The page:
Ok, I understand and am convinced by the standard solution of the Monte Hall Problem, i.e. it is better to switch doors after Monte opens one, and improve one's probability of winning from 1/3 to 2/3. If I had remaining doubts, they were removed by the many computer simulations,
But then I came up with what I call the "three card monte problem".
Assume you are playing a variant of 3 card monte against a blindingly fast but honest dealer, who will also turn over a losing card, before your once and final guess.
Do you have a strategy that improves your probability to better than 1/2? Well, here's one. You choose a card, mentally, but do not reveal it. The dealer then turns over one of the other cards, which he knows is always not the "special winning card". There is prob = 1/3 that the turned over card is the card that you previously secretly mentally chose. If that happens, you still can choose again, and therefore have prob = 1/2 of choosing the winner. If the card turned over by the dealer is not the card you secretly chose mentally, then you are apparently playing the classic Monte Hall game, i.e. you should secretly mentally switch card positions to increase your prob of winning from 1/3 to 2/3. Your overall prob. of winning is (1/3)(1/2) + (2/3)(2/3) = 1/6 + 4/9 = 33/54 = 11/18 > 1/2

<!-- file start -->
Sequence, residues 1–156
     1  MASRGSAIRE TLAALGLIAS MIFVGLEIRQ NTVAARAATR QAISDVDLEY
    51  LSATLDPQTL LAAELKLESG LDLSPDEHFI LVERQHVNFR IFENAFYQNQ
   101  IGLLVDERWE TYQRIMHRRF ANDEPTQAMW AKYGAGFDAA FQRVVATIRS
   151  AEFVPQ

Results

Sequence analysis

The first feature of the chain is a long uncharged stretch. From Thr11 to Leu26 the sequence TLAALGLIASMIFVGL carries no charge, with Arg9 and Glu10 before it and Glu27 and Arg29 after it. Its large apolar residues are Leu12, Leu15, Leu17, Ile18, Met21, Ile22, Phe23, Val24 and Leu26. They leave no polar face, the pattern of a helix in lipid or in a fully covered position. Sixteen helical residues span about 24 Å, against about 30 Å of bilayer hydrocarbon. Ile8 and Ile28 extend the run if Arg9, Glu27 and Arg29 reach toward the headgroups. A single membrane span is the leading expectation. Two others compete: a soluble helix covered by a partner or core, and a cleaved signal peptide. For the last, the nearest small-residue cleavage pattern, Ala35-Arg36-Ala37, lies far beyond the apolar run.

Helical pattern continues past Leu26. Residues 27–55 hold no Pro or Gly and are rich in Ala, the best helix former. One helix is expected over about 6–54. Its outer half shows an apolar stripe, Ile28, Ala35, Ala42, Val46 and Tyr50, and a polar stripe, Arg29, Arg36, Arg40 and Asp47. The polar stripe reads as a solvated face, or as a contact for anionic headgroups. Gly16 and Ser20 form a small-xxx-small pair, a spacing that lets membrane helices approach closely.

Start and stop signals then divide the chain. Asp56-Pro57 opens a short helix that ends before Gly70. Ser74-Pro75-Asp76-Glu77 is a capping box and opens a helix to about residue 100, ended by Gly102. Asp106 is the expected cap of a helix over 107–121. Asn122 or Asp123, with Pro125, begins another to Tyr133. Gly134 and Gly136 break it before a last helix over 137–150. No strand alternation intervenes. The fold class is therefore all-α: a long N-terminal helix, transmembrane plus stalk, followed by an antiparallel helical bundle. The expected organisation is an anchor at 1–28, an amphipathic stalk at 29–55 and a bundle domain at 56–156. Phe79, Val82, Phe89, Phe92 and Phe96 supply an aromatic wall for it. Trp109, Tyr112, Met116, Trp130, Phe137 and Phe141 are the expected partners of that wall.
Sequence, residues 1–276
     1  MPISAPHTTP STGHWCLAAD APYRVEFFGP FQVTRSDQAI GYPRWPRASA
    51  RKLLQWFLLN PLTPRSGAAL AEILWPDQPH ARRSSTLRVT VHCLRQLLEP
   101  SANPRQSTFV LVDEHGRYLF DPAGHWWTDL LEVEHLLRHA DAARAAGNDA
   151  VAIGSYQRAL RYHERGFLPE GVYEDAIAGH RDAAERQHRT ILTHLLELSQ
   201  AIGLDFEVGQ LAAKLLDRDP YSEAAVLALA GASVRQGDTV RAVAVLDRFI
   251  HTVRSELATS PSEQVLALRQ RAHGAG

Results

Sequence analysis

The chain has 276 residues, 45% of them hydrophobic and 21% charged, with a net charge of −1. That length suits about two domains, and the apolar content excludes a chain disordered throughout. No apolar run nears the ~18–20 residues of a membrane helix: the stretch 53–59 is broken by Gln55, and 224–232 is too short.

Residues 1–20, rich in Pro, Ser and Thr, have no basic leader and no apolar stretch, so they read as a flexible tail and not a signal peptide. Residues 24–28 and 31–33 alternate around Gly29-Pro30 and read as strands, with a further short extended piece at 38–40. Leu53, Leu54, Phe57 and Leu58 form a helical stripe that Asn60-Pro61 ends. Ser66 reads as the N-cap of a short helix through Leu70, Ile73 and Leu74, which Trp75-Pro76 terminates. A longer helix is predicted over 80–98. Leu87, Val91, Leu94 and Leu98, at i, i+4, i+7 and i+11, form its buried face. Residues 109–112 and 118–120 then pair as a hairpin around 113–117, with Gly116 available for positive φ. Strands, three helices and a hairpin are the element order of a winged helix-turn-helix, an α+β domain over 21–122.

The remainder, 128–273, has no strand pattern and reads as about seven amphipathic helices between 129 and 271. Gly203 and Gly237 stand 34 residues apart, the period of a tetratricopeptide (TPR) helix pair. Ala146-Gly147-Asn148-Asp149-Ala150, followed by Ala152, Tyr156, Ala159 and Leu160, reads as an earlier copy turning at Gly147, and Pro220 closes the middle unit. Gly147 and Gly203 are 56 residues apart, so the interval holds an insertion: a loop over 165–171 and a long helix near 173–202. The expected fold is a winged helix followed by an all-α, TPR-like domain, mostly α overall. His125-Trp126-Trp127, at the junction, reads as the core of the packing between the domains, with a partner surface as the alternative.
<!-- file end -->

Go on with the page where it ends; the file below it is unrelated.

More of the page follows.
The paradox arises from the fact that another player, who chose the other hidden card which was not turned over also has the same 11/18 probability of winning. So you both switch?
The difference between this and the classical Monte Hall paradox is that because no player has to declare any card position, you both can switch. Is this right?
If this gets too argumentative, I'll put it somewhere else.